Ahmedabad: The Ahmedabad police on Wednesday arrested a man allegedly involved in smuggling and selling valuable animal parts at an international level.
During questioning, it was revealed that the accused, Prakash Chunilal Jain, had connections to the notorious Sandalwood thief, Veerappan.
He lived in the Salem area of Tamil Nadu from 1992 to 2006, used to visit Veerappan's village Koltur from time-to-time and was also aware of the name of Veerappan's wife.
He was also involved in obtaining large quantities of ivory through Veerappan's gang members.
This information prompted the Ahmedabad Crime Branch team to collaborate with the Tamil Nadu Police and the Tamil Nadu Forest Department, leading to the registration of a case against the accused for the illegal sale of animal remains.
Acting on the instructions of the Joint Commissioner of Police and Deputy Commissioner of Police, under the guidance of the Assistant Commissioner of Police, Crime Branch, A.D. Parmar, the team of officers from the City Crime Branch successfully apprehended Prakash from Bodakdev, Ahmedabad.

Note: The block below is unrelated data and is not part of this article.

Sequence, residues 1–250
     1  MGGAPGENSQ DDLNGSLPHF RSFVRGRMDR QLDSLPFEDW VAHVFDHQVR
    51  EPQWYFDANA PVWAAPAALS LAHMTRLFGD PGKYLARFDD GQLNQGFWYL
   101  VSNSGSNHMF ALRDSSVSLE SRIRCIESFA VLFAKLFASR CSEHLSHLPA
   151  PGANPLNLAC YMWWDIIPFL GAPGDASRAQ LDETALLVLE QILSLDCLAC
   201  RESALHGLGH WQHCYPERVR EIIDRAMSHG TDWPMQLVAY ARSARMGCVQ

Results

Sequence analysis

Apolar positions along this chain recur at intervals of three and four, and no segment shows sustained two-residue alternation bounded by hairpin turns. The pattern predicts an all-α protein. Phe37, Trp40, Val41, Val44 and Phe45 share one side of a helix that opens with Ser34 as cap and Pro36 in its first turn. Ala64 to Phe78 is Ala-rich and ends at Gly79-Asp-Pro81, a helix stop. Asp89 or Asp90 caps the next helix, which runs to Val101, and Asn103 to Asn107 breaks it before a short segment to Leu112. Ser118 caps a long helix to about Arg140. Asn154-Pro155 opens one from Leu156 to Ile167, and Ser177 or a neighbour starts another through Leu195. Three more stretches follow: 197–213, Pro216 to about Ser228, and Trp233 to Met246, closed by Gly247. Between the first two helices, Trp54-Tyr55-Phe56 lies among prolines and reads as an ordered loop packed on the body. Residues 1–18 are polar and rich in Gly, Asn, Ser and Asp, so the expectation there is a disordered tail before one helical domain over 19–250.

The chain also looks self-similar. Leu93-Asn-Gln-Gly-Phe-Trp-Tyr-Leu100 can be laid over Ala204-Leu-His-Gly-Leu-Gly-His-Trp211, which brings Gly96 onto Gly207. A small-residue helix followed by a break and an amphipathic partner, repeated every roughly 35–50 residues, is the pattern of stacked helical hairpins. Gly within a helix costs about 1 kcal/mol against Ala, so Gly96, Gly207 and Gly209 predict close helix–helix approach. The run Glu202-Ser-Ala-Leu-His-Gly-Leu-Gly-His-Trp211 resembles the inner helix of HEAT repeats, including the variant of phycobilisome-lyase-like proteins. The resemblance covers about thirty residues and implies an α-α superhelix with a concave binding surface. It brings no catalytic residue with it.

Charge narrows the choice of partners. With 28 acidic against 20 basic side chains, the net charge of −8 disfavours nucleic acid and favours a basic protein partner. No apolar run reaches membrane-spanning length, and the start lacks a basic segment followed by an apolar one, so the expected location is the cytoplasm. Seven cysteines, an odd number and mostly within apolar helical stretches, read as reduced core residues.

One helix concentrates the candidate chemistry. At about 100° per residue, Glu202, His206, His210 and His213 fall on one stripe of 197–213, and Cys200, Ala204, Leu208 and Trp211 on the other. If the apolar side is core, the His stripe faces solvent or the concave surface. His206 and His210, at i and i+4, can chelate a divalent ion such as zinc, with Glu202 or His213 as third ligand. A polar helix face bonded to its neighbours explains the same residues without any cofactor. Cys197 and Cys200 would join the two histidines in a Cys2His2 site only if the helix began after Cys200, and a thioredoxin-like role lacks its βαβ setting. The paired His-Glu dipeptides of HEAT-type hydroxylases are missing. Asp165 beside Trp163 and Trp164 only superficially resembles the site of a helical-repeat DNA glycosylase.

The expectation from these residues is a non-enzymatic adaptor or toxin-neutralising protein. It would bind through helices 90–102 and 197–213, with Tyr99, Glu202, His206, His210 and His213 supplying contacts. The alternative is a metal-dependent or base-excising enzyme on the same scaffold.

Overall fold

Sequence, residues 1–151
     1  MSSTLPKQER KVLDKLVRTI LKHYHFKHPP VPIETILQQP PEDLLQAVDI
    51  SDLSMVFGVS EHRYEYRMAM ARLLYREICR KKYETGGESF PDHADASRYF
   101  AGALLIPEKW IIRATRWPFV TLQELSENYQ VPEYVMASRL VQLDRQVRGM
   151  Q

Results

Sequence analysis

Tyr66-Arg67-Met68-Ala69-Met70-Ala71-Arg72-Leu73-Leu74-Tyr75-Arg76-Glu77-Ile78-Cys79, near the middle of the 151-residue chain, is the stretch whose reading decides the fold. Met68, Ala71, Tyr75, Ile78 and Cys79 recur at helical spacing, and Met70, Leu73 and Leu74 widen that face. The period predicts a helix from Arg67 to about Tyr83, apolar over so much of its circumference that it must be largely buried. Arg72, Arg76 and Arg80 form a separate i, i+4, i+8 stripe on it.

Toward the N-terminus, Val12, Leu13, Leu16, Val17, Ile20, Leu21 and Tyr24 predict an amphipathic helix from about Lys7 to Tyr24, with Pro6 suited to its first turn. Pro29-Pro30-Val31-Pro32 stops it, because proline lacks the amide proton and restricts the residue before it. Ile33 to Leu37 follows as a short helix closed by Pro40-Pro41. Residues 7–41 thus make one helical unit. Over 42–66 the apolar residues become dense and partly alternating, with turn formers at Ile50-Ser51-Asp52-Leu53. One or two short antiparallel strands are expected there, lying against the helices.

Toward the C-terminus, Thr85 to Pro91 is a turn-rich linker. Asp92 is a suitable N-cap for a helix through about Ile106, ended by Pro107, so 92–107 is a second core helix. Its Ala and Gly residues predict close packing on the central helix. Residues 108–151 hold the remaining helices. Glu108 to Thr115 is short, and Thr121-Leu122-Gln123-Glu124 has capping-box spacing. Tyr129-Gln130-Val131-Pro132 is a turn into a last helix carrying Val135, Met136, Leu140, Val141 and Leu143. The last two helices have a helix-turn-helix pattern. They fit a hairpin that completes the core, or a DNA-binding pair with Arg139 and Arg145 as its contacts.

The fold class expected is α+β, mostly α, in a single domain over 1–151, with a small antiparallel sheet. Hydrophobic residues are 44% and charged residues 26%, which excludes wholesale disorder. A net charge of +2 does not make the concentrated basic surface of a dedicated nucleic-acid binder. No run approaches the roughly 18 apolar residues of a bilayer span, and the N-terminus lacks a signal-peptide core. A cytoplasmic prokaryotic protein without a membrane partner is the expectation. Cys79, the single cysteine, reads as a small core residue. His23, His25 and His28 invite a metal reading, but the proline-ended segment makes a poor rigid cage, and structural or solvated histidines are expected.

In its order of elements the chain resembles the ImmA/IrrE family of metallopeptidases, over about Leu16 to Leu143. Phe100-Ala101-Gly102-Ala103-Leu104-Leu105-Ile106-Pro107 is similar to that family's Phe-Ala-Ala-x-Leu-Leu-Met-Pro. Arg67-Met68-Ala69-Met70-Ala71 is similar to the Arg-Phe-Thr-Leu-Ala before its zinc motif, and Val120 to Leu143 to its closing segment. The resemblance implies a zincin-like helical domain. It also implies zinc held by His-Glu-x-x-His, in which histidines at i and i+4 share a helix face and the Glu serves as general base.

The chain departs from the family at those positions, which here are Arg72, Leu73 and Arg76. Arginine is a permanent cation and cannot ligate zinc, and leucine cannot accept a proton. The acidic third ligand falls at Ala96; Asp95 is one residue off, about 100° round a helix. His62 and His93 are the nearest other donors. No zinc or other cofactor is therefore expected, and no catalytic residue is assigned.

The accused, wanted under various sections of the Wild Animals (Protection) Act, 1972, including Sections 2, 39(b), 44, 49(b), 50, and 51, was handed over to officials from the Tamil Nadu Forest Department's Trichy range.
The crime registered was initially reported in the Tiruchirappalli range of Trichy, Tamil Nadu, where Prakash was found illegally selling the remains of various animals, including one tiger skin, two ivory, two deer horns and one fox tail.
This arrest is not the first encounter the accused has had with the law.
Previously, the Ahmedabad Crime Branch apprehended Prakash one-and-a-half months ago for the possession of elephant tusks worth Rs 35 lakh.
A case was registered under Section 379, 411 of the IPC and Section 39, 43(1), 43(2) of the Wild Animals (Protection) Act, 1972. Legal action was taken accordingly.
The continuous surveillance and investigation by the Crime Branch team culminated in the arrest of the accused, who has now been handed over to the Tamil Nadu Forest Department for further legal proceedings.